Feel the atmosphere of the countryside while being in a large (for Polish conditions) city? Such things only in Lublin. Here you will find an open-air museum dedicated to the villages of this region. The whole area is divided into several sectors, among which you will find: a manor complex, the Lublin Upland with its characteristic buildings, picturesque Powiśle with its pond and chapels, and Nadbuże. There is an idyllic atmosphere around us, enhanced by the fact that animals, including horses, sheep and goats, walk next to us at our fingertips. Two churches made the biggest impression on me. Roman Catholic built in the 17th century from Matczyn and a Greek Catholic church from Tarnoszyn. They have an amazing atmosphere that is shared during participation in the services. I recommend it to everyone, regardless of whether they are believers or not. A visit to the open-air museum strengthens me in my conviction how right Jan Kochanowski was when he wrote: Peaceful countryside, cheerful villages ...
Lublin underground route
For all those who want to collapse from time to time, whether it is out of shame or just to feel what it is like to shelter from the sun, Lublin has a special attraction. The underground route was created by connecting the cellars and is 280 meters long. During the walk, we pass paintings presenting the most important events in the history of the city from tribal times. This is not a common solution, but you can buy a torchlight walk. For a leprechaun with such an imagination as me, it is a great option. Then he feels like an 18th century robber who sneaks into Lublin to rob rich townspeople. Of course, I would share my booty with the poorest.
Lublin residents have their own pizza. This is how, by paraphrasing Mikołaj Rej's words, the representatives of the capital of Eastern Poland could present the onion set. This yeast baking originating from Jewish cuisine is the pride of the city. You can buy it at many points. Personally, I recommend eating it immediately after taking it out of the oven, although of course everyone will find their favorite way of consuming it. There is a legend connected with the cake that it was created to win the favor of King Casimir the Great by a Jewish woman, Esterka. It is true that soulless historians date the beginning of onion baking to the 19th century, but as you can probably guess, I prefer this romantic version.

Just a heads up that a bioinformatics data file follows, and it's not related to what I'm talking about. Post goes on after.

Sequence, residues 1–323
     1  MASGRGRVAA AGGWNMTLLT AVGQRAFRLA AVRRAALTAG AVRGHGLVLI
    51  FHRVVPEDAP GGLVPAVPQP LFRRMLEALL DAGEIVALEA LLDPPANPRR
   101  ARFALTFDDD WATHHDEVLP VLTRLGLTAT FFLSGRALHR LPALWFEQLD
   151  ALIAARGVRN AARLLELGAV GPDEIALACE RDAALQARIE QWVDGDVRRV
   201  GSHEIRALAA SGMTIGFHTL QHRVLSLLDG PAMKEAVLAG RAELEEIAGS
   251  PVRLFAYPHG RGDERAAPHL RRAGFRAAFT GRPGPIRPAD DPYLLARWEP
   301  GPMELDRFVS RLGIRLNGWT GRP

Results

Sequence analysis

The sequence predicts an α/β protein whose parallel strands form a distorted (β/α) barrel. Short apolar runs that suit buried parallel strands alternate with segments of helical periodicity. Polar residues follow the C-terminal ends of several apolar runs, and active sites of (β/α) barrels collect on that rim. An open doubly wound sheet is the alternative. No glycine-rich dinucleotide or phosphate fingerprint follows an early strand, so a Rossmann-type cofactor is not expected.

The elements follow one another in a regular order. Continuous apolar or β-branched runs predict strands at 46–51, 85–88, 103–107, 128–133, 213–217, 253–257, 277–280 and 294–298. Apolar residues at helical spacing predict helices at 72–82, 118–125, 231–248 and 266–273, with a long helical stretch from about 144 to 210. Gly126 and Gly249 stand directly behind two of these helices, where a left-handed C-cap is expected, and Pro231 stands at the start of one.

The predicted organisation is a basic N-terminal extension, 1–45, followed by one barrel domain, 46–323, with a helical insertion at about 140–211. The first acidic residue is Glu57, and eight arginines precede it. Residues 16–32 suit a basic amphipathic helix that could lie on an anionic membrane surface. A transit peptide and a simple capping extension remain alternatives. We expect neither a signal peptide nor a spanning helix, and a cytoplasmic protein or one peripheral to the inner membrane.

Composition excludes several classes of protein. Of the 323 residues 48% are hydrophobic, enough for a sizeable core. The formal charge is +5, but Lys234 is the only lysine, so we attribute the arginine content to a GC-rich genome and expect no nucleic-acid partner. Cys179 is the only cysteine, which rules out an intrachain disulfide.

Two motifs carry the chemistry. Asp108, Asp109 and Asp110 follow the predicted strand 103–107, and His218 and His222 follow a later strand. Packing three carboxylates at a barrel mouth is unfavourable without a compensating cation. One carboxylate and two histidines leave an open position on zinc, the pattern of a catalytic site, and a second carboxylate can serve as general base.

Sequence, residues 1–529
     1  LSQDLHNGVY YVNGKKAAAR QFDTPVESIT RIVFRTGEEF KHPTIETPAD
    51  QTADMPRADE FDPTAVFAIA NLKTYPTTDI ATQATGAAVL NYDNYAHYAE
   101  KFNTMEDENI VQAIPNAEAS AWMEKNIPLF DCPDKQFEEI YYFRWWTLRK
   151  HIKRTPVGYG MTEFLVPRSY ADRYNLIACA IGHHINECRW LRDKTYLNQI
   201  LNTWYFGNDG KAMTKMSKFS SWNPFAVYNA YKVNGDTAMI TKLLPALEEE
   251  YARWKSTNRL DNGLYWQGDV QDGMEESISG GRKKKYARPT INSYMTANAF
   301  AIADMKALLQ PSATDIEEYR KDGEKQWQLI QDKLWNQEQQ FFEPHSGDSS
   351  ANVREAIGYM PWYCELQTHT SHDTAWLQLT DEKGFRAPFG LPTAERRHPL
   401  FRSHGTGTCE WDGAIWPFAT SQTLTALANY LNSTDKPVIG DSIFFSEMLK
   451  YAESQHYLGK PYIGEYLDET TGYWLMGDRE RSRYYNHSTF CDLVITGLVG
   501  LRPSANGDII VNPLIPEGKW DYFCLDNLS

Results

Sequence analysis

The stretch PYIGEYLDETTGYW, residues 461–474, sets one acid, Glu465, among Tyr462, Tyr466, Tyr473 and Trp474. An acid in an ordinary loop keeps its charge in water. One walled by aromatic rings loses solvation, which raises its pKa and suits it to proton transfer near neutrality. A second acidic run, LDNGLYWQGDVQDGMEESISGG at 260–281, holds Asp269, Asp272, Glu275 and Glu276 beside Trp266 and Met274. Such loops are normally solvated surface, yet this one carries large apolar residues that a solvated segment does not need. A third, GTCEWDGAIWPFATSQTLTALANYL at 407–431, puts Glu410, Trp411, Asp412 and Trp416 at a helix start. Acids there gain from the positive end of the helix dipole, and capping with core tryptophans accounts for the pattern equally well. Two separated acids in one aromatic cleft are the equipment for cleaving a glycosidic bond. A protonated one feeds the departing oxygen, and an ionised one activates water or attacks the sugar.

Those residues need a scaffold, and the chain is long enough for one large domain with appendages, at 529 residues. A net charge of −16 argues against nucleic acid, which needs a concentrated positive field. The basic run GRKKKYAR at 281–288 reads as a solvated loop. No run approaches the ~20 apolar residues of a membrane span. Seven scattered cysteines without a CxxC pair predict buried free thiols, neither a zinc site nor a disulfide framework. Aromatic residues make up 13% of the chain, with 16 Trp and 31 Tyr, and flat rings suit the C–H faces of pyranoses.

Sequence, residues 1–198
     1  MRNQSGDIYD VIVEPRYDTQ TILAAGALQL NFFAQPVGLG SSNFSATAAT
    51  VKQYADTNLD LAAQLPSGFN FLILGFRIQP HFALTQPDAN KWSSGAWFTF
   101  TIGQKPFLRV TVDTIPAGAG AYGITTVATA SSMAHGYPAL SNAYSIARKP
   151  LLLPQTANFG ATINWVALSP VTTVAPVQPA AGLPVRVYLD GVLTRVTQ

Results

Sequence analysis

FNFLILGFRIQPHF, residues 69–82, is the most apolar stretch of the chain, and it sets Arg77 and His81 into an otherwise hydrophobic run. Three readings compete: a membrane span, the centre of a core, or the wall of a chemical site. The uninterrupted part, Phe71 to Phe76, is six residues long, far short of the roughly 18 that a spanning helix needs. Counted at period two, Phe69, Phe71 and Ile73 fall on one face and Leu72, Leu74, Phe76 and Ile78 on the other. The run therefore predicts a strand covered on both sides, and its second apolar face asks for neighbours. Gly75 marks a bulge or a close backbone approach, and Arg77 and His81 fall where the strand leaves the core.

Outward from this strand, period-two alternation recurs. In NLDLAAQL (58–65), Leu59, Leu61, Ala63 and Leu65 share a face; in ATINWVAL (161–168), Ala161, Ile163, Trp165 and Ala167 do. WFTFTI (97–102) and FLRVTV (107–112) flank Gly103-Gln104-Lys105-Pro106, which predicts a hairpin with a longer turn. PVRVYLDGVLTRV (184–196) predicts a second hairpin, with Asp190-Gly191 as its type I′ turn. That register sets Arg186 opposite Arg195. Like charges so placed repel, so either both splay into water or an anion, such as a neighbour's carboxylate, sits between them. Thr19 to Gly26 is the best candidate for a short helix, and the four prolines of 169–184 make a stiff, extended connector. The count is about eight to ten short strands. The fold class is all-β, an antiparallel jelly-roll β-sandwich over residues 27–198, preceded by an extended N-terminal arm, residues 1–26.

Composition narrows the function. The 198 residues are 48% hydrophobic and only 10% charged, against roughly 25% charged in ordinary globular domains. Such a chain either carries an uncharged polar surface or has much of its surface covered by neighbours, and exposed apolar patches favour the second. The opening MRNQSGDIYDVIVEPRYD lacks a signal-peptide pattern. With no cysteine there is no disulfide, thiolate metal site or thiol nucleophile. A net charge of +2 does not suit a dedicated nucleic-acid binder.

The underground of the Perła brewery
"... it is a city of many pearls, although most of them are exported", sing the Kacperczyk brothers, referring to the local beer brand. The brewery itself provides us with the opportunity to learn about its history for free. We're going underground again. We are waiting for the history of people associated with the brewery and information about the process of its creation. The best is waiting for us at the end, because that's when we have the opportunity to taste. I don't know whether Perełka tastes better in full sun or in underground conditions.
If you are looking for a place for a weekend trip in Poland, I hope that I have convinced you that Lublin is a great destination. For those looking for a way to get to know it the best, I recommend local enthusiasts who have placed their routes in the guideU application.
Magdalena Mazur-Ciseł, the author of a book about Lublin legends, has prepared an ideal proposal for a family trip in which you will learn about the history of the city and the legends associated with it.
Konrad Kowalski, who is a storytelling master, will take you on a journey in which he will introduce you to places related to the most famous legends of Lublin. Thanks to it, you will go in search of not only the secrets of the city, but also the treasures hidden in it.